Monday, July 30, 2012
I used to be on the board of a local non profit art organization. My original interest in it was purely selfish. I had a new found interest (or rather a re discovered interest following my youngest child entering school) in painting and wanted to meet others of like mind. It was very effective. At the first meeting I attended I met several artists of various mediums. I was truly inspired and motivated.
I enjoyed being around them all. We discussed art in a multitude of arenas including the fundraising for the organization which included an annual auction, an art show/festival and a few miscellaneous other ploys. It was creativity the way I remembered it. I began using the right side of my brain again. Thinking outside the box. Problem solving. It was great! Plus, I had the added luxury of gleaning from my new artist friends everything they knew about their mediums along with stimulating conversations revolving around art.
Last January I resigned from the board, not because of any ill feelings. Quite the opposite. But because I had to make a decision as to how to spend my time. Being on the board meant volunteering once a week (for me anyway) at the gallery, meetings at least once a month and then any grunt work that was needed for our activities. That really bit into my personal painting time. I felt that if I wanted to continue to grow as an artist, I had to dedicate more time to painting. Cant get better just thinking about it, can I? So I turned in my resignation, vowed to keep in touch and parted to my studio. My lonely studio. Love it but it's quiet. Turns out, I'm a people person.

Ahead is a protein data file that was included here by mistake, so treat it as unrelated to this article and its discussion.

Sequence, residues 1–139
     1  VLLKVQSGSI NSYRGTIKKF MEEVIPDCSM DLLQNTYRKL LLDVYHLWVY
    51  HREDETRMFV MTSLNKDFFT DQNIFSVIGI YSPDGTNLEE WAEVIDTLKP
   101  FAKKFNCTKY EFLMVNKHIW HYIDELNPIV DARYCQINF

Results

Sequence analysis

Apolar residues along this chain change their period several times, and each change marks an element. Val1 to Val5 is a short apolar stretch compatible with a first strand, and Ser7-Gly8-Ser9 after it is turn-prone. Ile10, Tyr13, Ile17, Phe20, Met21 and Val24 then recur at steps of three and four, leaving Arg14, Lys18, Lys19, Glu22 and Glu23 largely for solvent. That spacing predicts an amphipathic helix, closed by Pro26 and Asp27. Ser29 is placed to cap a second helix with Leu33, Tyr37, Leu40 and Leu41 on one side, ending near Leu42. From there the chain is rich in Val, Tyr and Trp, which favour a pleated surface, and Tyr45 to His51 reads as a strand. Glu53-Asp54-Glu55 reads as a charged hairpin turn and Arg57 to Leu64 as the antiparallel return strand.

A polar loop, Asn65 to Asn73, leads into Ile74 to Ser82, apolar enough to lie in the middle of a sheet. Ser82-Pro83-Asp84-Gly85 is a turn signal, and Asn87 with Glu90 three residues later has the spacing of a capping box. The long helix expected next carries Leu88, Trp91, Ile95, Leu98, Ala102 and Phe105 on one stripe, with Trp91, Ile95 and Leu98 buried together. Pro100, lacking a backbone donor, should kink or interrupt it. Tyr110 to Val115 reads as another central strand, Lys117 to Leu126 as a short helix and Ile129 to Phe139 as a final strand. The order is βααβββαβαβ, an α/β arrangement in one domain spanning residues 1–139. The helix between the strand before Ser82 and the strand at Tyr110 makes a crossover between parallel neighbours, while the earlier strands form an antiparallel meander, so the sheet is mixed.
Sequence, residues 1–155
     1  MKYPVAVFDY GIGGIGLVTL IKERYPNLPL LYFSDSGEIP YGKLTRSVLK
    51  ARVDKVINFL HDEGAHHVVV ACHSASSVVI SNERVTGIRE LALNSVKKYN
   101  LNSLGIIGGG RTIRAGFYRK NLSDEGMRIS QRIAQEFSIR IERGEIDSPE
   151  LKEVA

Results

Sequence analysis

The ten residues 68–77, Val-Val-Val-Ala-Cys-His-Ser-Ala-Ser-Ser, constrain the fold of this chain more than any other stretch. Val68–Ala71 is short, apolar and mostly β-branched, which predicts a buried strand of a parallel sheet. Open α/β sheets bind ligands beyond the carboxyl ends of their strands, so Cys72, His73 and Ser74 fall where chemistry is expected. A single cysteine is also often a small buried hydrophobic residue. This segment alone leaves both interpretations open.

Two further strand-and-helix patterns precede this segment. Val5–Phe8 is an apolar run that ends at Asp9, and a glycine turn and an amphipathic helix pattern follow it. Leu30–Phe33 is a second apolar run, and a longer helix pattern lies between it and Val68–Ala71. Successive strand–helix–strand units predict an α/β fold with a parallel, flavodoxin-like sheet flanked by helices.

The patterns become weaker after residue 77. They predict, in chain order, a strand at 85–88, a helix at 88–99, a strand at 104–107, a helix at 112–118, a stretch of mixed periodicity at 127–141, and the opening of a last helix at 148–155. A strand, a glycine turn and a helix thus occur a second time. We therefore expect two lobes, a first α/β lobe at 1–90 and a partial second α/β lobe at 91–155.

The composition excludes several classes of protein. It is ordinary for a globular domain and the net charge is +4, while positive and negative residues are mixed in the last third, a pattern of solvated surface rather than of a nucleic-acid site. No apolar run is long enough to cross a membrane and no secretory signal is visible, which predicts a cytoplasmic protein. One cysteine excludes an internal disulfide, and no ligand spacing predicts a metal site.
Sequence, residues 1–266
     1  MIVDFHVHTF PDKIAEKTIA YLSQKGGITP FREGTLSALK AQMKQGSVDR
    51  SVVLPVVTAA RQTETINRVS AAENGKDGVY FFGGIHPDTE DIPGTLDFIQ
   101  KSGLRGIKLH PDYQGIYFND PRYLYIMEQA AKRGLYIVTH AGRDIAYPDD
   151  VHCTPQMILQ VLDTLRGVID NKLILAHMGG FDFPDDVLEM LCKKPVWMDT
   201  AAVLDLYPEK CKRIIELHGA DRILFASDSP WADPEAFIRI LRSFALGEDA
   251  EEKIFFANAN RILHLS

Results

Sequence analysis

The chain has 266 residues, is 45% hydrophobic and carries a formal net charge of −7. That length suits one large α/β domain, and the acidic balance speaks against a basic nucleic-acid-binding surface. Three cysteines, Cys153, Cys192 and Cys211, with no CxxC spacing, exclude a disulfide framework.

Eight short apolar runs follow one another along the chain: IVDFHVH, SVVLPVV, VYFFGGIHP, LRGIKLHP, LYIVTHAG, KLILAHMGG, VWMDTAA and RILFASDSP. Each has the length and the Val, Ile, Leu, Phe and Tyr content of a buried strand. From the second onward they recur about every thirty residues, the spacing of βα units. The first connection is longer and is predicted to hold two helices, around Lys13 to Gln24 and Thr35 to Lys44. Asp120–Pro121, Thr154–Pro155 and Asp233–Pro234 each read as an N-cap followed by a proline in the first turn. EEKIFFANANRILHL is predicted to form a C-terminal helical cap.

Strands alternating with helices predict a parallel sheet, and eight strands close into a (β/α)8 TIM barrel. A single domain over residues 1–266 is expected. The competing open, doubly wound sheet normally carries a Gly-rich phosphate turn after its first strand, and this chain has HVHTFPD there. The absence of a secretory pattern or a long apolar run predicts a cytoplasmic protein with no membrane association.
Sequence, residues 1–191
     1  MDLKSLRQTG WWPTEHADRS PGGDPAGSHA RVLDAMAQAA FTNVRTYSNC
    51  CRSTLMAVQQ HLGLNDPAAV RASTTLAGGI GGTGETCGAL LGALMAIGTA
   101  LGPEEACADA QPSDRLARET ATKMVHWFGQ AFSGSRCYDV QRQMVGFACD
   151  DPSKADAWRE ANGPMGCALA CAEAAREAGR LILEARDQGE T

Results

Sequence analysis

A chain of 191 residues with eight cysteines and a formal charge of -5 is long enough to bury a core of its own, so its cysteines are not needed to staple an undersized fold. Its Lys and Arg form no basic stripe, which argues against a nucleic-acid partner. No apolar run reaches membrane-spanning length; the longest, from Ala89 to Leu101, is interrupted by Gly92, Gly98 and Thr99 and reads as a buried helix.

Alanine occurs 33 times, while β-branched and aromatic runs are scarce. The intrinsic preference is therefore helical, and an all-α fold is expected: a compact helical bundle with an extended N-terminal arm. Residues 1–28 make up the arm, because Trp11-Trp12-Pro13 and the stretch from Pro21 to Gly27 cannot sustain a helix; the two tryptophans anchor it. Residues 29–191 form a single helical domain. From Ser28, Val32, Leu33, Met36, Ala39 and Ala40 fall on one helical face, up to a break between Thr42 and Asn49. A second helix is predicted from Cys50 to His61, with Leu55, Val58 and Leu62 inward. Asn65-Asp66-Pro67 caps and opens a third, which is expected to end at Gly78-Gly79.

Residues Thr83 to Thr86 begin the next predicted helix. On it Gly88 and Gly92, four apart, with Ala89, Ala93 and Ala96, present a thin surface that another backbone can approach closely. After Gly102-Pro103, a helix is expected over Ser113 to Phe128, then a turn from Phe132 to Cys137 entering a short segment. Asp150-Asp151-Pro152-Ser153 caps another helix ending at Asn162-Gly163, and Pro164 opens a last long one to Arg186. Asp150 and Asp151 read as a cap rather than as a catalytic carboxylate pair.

I think most of us are people persons (people people??). I was just discussing with a friend who was frustrated that her husband isnt giving her the support/inspiration she needs. I am lucky that my husband is starting to see the mystery and excitement in art but I realize that we dont all have that support system at home. My advice to her is to seek out others that relate to her passion. Find someone she wants to emulate. A role model. We all need role models. We all have them whether we realize it or not. Some are not great role models yet we spend so much time with them. Then we take their advice wonder why we seem to be spinning our wheels. Seek out your superheros. The people who are living the life you want to live. Or at least pursuing the life you want to live. Whether it's a comfortable pace of Sunday painting just for grins or an intense passion to absorb every last bit of info on your medium and for each new painting to outshine the last, find a like minded companion. Or two. Treat them well. They are your friends, mentors, colleagues. You have the same goals or at least similar goals. Chances are good that they will appreciate having you around as well! :)